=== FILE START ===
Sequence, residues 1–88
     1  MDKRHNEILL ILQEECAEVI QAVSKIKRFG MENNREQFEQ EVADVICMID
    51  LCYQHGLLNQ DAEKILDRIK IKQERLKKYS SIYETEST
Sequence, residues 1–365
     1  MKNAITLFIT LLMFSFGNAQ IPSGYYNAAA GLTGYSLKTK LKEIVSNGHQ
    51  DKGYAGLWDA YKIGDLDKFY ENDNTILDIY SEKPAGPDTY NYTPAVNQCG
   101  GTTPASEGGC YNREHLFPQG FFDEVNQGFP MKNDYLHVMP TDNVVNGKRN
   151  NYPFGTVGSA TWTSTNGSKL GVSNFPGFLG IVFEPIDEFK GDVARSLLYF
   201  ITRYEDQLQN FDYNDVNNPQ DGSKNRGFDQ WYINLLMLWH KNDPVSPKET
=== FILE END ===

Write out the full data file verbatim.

Sequence, residues 1–88
     1  MDKRHNEILL ILQEECAEVI QAVSKIKRFG MENNREQFEQ EVADVICMID
    51  LCYQHGLLNQ DAEKILDRIK IKQERLKKYS SIYETEST
Sequence, residues 1–365
     1  MKNAITLFIT LLMFSFGNAQ IPSGYYNAAA GLTGYSLKTK LKEIVSNGHQ
    51  DKGYAGLWDA YKIGDLDKFY ENDNTILDIY SEKPAGPDTY NYTPAVNQCG
   101  GTTPASEGGC YNREHLFPQG FFDEVNQGFP MKNDYLHVMP TDNVVNGKRN
   151  NYPFGTVGSA TWTSTNGSKL GVSNFPGFLG IVFEPIDEFK GDVARSLLYF
   201  ITRYEDQLQN FDYNDVNNPQ DGSKNRGFDQ WYINLLMLWH KNDPVSPKET